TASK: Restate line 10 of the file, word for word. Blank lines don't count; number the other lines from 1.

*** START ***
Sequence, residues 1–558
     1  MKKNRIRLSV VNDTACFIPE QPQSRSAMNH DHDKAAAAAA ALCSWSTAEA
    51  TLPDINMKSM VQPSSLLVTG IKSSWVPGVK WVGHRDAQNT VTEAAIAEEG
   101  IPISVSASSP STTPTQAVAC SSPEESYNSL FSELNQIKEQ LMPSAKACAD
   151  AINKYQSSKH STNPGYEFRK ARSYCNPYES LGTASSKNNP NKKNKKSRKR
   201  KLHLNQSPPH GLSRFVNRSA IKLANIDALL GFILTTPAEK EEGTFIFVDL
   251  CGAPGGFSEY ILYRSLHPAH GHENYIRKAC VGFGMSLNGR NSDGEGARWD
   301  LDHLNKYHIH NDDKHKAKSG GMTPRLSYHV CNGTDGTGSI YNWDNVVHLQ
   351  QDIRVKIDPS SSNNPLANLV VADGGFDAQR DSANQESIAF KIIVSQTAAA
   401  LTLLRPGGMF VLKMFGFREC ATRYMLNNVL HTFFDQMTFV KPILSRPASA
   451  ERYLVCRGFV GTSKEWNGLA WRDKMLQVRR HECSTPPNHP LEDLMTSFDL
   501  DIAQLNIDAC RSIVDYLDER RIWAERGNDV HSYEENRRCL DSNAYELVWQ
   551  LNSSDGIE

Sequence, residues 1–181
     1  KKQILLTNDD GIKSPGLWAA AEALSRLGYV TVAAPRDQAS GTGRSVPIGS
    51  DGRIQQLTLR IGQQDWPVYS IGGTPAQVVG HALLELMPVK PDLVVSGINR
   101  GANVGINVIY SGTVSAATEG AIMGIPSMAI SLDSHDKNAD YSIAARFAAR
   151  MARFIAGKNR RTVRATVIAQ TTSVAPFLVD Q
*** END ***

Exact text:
   401  LTLLRPGGMF VLKMFGFREC ATRYMLNNVL HTFFDQMTFV KPILSRPASA